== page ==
In Ivanhoe, his most popular novel, Sir Walter Scott (1771-1832) utilized the remarkable Jewess, Rebecca, and her father, Isaac of York, to expose the barbarity and the inanity of medieval England's "Age of Chivalry," especially its antisemitism. In so doing, he provided an antidote to the centuries-long tradition of Jew hatred in English literature.
Shakespeare's Shylock in The Merchant of Venice and Marlowe's Barabas in The Jew of Malta, late in the sixteenth century, perpetuated the medieval image of the hateful, evil, usurious Jew. If the ugly Jew's beautiful daughter did not share his opprobrium, it was because she rejected her father and Judaism, eloped with a Christian lover, and accepted Christianity. Throughout the ensuing two centuries, in novels and in the theater, the Jew played out this evil role or provided a source of humor as a contemptible fool. Even in today's Webster, the lexicon incorporates Jewish literary stereotypes as common nouns, namely, shylock, fagin and (S)vengali as usurers, child molesters, and personal manipulators.
Myriads of readers were unfamiliar with Jewish history, except for the Bible. In Ivanhoe, Scott not only introduced them to the suffering of Jews in medieval England, but by enlisting sympathy for Jews, he may even have served to ameliorate the view of many readers about contemporary British Jewry. While there is general agreement that Rebecca is one of the most magnificent heroines in all literature, the verdict on her father Isaac is not unanimous. Some claim that Scott has breathed into him not only humanity but also sympathy and understanding, even courage, while for others he is a throwback to Shylock, albeit a softened one. This is a dispute that will be explored later in this essay.
Scott, born in Edinburgh and a lifelong resident thereof and its environs, was among the most celebrated personalities of his time, rivaling even the Duke of Wellington in public adulation. Surprisingly, his initial fame did not come from his twenty-seven best-selling novels, the first of which, Waverly, was published in 1814 when he was forty-three years old. Rather, he was famous as the author of immensely popular romantic epic poetry, as the biographer and editor of the works of Milton, Dryden, and Swift, as the collector and editor of old Scottish ballads and tales, as the translator of current German poetry including a work of Goethe, as well as the author of journal articles of literary, historical, antiquarian, and general interest. Along with all this, he produced numerous stories, a multivolume biography of Napoleon, and voluminous personal correspondence. It is no wonder that he felt too busy to accept the offer of Poet Laureate of Great Britain with its various obligations.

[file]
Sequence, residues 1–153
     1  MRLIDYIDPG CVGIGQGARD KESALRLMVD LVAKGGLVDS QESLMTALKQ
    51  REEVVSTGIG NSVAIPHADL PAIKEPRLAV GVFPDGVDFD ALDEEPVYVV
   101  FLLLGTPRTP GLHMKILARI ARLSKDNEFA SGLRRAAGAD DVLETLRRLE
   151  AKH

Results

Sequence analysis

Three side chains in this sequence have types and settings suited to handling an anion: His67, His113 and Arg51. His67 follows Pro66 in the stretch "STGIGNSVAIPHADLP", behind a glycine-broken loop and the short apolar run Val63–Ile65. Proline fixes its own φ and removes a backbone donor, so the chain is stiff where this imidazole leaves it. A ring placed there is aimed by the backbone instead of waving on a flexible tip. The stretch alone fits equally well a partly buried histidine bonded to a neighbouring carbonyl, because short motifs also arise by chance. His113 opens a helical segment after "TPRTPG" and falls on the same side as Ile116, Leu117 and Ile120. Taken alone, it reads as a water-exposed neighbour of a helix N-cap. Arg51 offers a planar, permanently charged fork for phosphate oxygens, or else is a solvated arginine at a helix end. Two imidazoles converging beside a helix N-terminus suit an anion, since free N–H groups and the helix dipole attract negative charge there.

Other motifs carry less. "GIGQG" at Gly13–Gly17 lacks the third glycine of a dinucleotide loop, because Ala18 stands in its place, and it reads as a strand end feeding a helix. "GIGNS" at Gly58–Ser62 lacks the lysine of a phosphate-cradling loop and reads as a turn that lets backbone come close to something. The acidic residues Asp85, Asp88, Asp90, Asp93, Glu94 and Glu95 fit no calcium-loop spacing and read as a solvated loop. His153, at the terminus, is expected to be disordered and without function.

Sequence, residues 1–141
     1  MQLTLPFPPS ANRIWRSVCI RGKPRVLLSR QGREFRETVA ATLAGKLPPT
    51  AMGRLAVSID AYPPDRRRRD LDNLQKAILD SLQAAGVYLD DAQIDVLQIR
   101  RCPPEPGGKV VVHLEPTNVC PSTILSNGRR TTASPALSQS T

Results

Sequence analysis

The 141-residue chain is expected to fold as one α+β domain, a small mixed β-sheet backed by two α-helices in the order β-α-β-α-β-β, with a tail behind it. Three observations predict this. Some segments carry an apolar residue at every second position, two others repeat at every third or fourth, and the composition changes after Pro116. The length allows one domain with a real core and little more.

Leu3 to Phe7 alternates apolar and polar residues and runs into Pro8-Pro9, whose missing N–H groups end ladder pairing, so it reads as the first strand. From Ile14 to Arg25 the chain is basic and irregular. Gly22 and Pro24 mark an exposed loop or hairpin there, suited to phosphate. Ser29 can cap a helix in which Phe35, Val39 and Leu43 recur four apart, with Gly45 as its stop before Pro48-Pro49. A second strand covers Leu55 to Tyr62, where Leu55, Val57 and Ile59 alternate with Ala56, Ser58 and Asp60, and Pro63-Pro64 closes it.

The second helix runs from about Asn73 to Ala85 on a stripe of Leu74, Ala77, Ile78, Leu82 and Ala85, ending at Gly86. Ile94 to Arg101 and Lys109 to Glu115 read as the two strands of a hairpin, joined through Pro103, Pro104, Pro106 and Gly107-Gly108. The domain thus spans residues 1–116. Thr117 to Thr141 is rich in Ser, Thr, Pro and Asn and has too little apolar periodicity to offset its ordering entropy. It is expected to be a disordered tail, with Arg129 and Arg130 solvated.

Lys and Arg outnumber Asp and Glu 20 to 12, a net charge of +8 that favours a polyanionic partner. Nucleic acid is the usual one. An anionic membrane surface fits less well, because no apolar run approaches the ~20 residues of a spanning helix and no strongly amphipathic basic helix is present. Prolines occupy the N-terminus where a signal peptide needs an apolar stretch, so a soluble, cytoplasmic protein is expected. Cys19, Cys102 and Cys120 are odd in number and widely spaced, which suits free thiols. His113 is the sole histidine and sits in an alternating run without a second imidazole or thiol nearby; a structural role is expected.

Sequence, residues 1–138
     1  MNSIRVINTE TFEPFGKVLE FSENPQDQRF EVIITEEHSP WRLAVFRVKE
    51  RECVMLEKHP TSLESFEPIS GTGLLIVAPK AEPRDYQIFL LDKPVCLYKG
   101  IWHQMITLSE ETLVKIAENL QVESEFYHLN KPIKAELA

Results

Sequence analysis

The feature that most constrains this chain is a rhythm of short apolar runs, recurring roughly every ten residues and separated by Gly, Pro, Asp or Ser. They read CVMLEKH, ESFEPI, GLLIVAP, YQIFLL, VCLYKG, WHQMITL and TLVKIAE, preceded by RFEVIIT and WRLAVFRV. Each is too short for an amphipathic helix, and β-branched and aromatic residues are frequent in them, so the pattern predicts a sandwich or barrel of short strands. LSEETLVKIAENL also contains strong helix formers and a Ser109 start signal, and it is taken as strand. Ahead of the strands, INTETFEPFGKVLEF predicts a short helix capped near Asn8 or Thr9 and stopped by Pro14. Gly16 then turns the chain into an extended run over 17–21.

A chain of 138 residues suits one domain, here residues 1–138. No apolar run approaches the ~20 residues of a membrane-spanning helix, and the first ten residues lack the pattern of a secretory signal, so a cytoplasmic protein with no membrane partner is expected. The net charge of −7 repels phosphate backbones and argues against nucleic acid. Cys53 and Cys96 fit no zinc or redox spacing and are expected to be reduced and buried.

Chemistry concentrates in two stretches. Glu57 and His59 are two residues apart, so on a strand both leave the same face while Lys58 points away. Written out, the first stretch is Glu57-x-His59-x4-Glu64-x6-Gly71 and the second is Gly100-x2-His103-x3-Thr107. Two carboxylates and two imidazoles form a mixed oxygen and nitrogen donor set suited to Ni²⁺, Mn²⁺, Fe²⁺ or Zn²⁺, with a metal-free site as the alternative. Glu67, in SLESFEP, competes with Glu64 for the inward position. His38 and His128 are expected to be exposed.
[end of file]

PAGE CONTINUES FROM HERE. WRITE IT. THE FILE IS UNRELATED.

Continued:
Trained as a lawyer, he worked as a judge throughout most of his life, a vocation that provided plenty of free time and an underpinning income to the huge fortune that he amassed from his writings and his business ventures. But those business ventures turned sour late in life, resulting in his spending his last years writing furiously to try to work his way out of crushing debt.
He published Waverly anonymously lest its failure as a novel might undermine his reputation as a poet and a scholar, and despite its success, he continued to publish historical novels, a genre which he pioneered, under the nom de plume of "The Author of Waverly" until his twenty-fourth novel in 1827. Hence the sobriquet, the Waverly Novels. His authorship soon became an open secret, but he mischievously maintained the charade.
Scott suffered from polio as a child leaving him with a lifelong limp, but this did not impede him from being a vigorous long distance hiker and a skilled horseman. Indeed, he served as a cavalry officer in the home guard organized to deter a Napoleonic invasion. He married happily and sired four children to whom he was greatly devoted. In addition, he …